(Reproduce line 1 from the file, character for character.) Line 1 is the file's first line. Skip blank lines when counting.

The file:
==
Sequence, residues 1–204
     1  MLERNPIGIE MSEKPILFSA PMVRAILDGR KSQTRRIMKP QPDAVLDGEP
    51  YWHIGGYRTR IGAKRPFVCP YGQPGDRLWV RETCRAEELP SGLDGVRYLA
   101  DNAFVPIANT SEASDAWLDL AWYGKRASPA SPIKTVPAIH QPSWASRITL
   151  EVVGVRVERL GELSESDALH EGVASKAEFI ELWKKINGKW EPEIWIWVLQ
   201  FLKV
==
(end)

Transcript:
Sequence, residues 1–204